In rural areas, relationships between teachers and the community are often close. Teachers usually live in the community where the school is located, and many become personally involved with the students' families. There are no libraries unless the parents decide to fund one. Parents of different sessions in the same facility will have to fund a library for their group. In recent years, the federal government has made available to all schools "Reading Corners" (Rincones de Lectura), a collection of supplementary books grouped by grade level. This program has been significantly expanded to include annual contributions of new titles.

Services are delivered through a decentralized system that depends upon state level administrations called “delegations.” In addition to providing direct instruction--including indigenous and adult education--CONAFE offers a number of support services to children and families. Community instructors, who usually are graduates of middle school (Secundaria), use the national textbooks to teach pre-school and elementary level students.

After one or two years of service, these instructors become eligible for scholarships to continue their own educations at a high school level or beyond. CONAFE pre-school serves children who are from three to five years 11 months old. Children who are from six to 14 years 11 months old by September first may enroll in Level I of elementary. CONAFE recently expanded to offer “initial” education to infants and “post elementary” instructional and support services. In addition to the national textbooks, students receive school materials. The instructor receives a packet of books.

CONAFE has supported an effort to establish community libraries that contain materials designed to maintain the traditions and customs of different regions. Community Education Promotion Associations (Asociaciones Promotoras de Educación Comunitaria) are responsible for housing and feeding the community instructors and overseeing the program. One of the distinguishing characteristics of CONAFE is the close relationship between members of the community and CONAFE personnel.

Instructors carry out educational activities related to health, nutrition, and work that contribute to a higher standard of life. Latest statistics report the total number of students served by CONAFE as more than four million. The educational services provided to indigenous children, as well compensatory support programs are in the process of being consolidated under the auspices of CONAFE. For more information about CONAFE, consult their excellent web site at http://www.conafe.edu.mx .

Indigenous Education
Educación Indigena

One of the most noteworthy characteristics of Mexico is its cultural diversity. According to the 2000 census there are more than seven million indigenous people speaking more than 80 languages and various dialects. While the majority live in geographically isolated areas, about 40 percent live in urban settlements (Programa Nacional de Educación 2001-2006 p. 109).

Indigenous children manifest disproportionately low rates of enrollment and significantly higher rates of retention and drop out. For instance, during the 1999-2000 school term, the completion rate for elementary school students was calculated at 90 percent, except among indigenous children, who averaged only 81 percent (Dirección Nacional de Educación Intercultural Bilingue, http://www.sep.gob.mx/work/resources/LocalContent/ 43713/1/ESTADISTICA2003-2004.pdf)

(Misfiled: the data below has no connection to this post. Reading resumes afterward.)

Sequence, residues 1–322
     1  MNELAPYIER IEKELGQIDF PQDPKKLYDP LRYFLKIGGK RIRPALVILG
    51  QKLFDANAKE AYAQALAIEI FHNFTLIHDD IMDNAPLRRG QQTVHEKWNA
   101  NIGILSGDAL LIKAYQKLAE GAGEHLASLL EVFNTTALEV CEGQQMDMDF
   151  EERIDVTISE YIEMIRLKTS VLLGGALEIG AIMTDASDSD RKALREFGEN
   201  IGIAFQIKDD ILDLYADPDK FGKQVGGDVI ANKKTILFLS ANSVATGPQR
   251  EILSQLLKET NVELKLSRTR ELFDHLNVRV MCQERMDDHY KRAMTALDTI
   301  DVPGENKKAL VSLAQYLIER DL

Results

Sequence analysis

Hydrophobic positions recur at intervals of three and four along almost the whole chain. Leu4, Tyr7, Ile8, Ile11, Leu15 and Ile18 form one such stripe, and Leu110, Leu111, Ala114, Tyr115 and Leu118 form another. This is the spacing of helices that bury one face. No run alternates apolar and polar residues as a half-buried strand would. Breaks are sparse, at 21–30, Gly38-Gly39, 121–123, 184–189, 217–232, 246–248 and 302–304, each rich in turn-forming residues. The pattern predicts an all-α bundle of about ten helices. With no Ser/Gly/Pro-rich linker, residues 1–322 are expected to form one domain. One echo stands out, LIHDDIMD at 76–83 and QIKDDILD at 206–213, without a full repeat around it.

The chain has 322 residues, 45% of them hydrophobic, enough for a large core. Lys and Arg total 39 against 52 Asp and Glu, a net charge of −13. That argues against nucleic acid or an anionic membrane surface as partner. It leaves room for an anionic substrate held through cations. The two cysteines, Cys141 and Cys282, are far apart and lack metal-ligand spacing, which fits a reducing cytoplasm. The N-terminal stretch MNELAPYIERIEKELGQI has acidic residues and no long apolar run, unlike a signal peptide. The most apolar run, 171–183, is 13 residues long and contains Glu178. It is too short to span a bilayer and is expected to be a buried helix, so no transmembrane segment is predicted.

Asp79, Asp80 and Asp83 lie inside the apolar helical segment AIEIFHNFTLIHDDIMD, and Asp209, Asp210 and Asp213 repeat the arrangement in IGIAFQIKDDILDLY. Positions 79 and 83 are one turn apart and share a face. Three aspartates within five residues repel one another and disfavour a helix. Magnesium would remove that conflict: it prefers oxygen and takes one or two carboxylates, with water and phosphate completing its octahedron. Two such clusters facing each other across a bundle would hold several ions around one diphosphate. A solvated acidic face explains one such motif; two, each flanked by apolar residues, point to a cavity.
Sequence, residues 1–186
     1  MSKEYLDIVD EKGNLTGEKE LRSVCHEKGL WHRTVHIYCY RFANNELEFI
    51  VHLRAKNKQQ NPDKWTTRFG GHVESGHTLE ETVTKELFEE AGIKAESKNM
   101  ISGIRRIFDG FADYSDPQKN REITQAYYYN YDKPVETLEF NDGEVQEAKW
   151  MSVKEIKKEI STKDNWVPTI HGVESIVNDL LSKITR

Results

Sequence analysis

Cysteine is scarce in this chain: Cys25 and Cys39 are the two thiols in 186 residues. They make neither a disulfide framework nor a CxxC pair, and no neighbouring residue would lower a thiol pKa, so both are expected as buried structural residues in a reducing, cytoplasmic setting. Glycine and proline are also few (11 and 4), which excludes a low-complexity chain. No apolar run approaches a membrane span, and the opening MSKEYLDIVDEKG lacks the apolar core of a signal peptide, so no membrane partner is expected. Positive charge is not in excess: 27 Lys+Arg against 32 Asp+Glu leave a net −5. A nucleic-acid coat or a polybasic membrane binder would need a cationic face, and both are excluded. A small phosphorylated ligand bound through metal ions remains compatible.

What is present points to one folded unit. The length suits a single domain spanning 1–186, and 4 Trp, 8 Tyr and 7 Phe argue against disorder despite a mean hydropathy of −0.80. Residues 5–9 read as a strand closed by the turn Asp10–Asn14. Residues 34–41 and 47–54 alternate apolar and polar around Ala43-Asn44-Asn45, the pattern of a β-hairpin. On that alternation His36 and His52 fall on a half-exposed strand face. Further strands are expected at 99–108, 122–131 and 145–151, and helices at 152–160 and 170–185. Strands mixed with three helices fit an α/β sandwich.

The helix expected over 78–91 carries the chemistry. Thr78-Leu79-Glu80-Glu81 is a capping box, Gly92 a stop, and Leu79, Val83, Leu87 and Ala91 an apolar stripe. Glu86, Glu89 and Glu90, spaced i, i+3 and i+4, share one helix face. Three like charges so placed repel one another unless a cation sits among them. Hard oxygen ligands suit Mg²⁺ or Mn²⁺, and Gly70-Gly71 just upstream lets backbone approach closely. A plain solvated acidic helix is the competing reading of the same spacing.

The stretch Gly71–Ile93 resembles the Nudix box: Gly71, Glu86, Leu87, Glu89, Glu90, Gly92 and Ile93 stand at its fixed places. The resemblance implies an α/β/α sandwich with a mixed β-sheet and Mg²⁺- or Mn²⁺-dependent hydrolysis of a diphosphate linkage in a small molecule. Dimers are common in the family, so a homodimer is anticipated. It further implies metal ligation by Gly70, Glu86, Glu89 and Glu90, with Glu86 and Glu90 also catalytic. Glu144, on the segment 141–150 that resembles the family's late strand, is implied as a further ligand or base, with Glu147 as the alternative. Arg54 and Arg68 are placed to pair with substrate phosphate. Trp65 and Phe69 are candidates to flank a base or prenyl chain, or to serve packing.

From 1995 to the present, the SEP has made a great effort to provide educational services to these children. The National Education Program 2001-2006 established “equity and quality,” especially as it relates to indigenous groups, as its elementary focus. The instructional system is bilingual and intercultural. Students learn to read and write in their native language, which maintains cultural identity. In 1999-2000 school year the federal government distributed 118 million books in 33 indigenous languages and 55 dialectic variations (Prawda and Flores, 2001). Indigenous children also receive instruction in reading and writing Spanish (Perfil de la Educación en México p. 41).

In addition to government materials, bilingual indigenous schools also supply books and cassettes containing stories, legends, and songs written in the indigenous language and Spanish, created by children, teachers, and members of the local community. Distance programs provide satellite dishes, television sets, and video recorders, allowing access to the national instructional satellite system, EDUSAT.

Compensatory Programs
Programas Compensatorios

Providing compensatory programs to underprivileged students has been a priority of Mexican education since 1992. In 1998 compensatory program services were extended to include all levels of Basic Education, from elementary to middle. The biggest compensatory program in Mexico is Oportunidades. It covers 25 million people, and 5 million families. It was launched by the Ministry of Social Development. Three different compensatory programs help the neediest schools in rural and indigenous areas by providing the following resources and services:

Since 1961, the federal government, under the auspices of the National System for Integral Family Development (Sistema Nacional para el Desarrollo Integral de la Familia-DIF), has made school breakfasts available. The program currently serves more than four million students in public urban and rural schools.

The Education, Health, and Nutrition Program (Programa de Educación, Salud y Alimentación-PROGRESA) provides support to families living in the rural areas of more than 20 states. In addition to nutrition and health support, the program provides financial aid and school supplies to targeted families who have children under the age of 18 studying between the third grade of elementary and the third grade of middle school. To be eligible, the children must attend school regularly. The government plans to establish a system of scholarships for students served by PROGRESA and who want to continue studying beyond the middle school level (Programa Nacional de Educación 2001-2006 p. 173).